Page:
Igloo Magazine

BLACK HILLS ORDNANCE DEPOT

THE IGLOO MAGAZINE


First issue; October 30, 1942.

Editor: Mary Robinson; Illustrator: Fred Morgan; Reporters: Frances Hulm - Identification; Maizie McDonald - Inspection; Bill Eide - Engineering; Virginia Robertson - Terteling.


March 26, 1943.

Commanding Officer: Col. Hubert W. Keith; Editor: Archer B. Gilfillan; Illustrator: H.H. Anderson, Orla Renner; Mimeograph: Dick Beckfield


May 28, 1943.

There is an acknowledgement that should have been made long ago. We are indebted for the handsome new Igloo cover to our Executive Officer, Lt. Col. Ralph Cook Scott. It was he who ordered the cover and selected the design for it. Everyone who enjoys the appearance of the magazine will wish to thank him. The baby may not always be well behaved, but it will always be well dressed.


1943 issues;

March 26, May 28, July 23
VOL. IV May 5, 1944 NO. 17

-IGLOO MAGAZINE-

PUBLISHED BY THE BLACK HILLS ORDNANCE DEPOT CIVIC ASSOCIATION

Reporters

Guard Section Paul F. Foss
Mail and Records Arlene Glasner
MP's Larry Abbey
Operations Group Dorothy Hubbard & Jeane James
Pay Roll Florence Hoppes
Personals Mrs. Lois Daniels
Personnel Mrs. Marie George
Post Engineers Gladys Johnson & Ruby Addington
Post Hospital Noi Willcockson
Associate Editor Julia E. Brigham
Editor Archer B. Gilfillan

VOL. IV JUNE 16, 1944 NO. 23

-IGLOO MAGAZINE-

Reporters

Adminstrative Division: Carolyn Trask
     Administrative Branch Nadine Veren
     Communications Branch Arlene Blasner
     Depot Property Branch Ada Barnett
     Procurement Branch Betty Carlson
     Security Branch Paul Foss
     Service Branch Florence Connelly
     Training Branch L. E. Caulkins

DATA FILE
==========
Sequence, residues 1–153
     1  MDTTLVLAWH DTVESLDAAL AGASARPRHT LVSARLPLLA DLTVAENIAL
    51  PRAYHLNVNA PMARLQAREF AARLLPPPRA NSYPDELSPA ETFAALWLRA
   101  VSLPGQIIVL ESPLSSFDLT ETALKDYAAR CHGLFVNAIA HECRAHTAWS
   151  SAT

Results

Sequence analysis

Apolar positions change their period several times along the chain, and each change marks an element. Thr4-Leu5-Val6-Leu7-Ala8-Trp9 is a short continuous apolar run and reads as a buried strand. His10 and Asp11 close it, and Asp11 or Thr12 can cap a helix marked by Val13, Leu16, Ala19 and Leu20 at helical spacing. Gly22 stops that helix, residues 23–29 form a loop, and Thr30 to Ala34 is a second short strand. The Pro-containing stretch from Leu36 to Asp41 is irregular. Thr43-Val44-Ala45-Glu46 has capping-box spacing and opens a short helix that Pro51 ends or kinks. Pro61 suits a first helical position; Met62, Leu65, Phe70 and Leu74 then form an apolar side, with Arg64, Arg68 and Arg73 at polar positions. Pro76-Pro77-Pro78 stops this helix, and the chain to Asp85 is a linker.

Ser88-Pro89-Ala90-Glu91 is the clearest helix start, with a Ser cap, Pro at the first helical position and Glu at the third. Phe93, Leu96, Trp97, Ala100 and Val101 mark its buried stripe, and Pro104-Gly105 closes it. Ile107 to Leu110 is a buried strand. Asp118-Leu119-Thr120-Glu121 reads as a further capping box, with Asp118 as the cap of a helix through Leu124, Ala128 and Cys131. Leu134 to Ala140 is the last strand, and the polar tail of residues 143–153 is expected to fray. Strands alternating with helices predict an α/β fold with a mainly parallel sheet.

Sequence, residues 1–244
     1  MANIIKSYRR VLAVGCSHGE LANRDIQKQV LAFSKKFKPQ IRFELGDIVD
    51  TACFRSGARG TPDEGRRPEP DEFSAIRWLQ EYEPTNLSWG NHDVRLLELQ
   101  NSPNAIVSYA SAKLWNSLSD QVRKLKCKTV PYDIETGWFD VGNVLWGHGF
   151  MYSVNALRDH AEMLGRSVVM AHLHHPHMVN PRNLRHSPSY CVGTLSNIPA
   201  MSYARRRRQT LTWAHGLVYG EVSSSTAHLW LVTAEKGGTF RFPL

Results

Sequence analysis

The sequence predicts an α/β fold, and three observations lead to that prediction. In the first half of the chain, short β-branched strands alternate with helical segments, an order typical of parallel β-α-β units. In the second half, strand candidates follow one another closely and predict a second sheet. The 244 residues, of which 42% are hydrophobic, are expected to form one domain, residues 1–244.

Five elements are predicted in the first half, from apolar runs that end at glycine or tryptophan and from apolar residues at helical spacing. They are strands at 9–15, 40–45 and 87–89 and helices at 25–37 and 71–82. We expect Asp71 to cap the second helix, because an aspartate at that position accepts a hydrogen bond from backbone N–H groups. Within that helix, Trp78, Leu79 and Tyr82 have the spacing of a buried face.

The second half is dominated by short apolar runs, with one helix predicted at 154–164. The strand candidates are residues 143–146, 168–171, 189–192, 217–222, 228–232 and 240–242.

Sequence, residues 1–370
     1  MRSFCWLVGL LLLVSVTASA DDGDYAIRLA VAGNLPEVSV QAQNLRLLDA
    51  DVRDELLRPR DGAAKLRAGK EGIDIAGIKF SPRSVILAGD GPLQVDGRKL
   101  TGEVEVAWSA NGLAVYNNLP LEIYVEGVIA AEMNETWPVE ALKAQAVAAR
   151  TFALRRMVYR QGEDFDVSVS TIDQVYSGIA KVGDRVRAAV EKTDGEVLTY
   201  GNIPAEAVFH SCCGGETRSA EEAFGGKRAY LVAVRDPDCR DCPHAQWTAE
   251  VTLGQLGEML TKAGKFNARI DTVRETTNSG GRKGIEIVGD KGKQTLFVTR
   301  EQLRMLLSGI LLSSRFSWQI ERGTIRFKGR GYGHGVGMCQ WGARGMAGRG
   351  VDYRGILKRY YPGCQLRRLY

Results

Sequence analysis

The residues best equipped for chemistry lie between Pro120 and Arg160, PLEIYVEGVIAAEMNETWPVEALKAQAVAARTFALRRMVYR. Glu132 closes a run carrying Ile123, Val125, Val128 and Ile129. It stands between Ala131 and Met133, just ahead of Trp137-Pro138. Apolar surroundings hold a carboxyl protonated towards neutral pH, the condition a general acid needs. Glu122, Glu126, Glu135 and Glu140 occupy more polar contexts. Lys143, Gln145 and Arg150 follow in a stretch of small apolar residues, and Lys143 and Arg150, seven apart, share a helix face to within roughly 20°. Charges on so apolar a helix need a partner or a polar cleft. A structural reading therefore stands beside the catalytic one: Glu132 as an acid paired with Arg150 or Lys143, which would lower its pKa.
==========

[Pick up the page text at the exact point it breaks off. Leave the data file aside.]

Control Branch Irene L. Lott
Fiscal Division Lenore Franklin
Maintenance Division Helen Hanse
Personnel Division: Marie George
     Civilian Personnel Branch Lois Daniels & Ruth Knapp
     Medical Branch Stella Parks & Noi Willcockson
     Military Personnel Branch Crystal McCarthy
Stock Control Division Cecilia Hiermeier
Storage Division Vera Rice
     Cycle Inventory Branch Herman Metz
     Labor and Equipment Branch Dora Steinlicht
     Packing and Shipping Branch Elva May Herdman
     Receiving Branch Laura Lewis
     Storekeeping Branch Doris Saubers
Transportation Division Margaret Sheehan
Utilities Division Ruby Addington
     Fire Prevention Branch Hyacinth Cornelius
     Maintenance and Repair Branch Elizabeth Hartman
     Management Branch Gladys Johnson
     Utilities Branch Frances Posvar
Supervisory Editor Lt. Wayne R. Johnson
Associate Editor Julia E. Brigham
Editor Archer B. Gilfillan

Edgemont Tribune; Aug. 6, 1947; Igloo Magazine discontinued.


The Igloo Magazine; XI-5; Aug. 1, 1947, page 3

This is the last issue of the Igloo Magazine. The Welfare Fund Council, which of late has supported the Igloo, faced with ever-increasing responsibilities and a shrinking income, has been obliged to abandon the Depot magazine. In addition, there is some question of a machine to run the paper off on, and this added to the financial pressure, had brought about the decision. The Command is not now nor has been unfavorable towards the paper, and the BHOD workers like it, judging from their complaints when they do not get it. It is simply the force of circumstances that has brought about the discontinuance. The Igloo Magazine is a casualty, not of war, but of peace.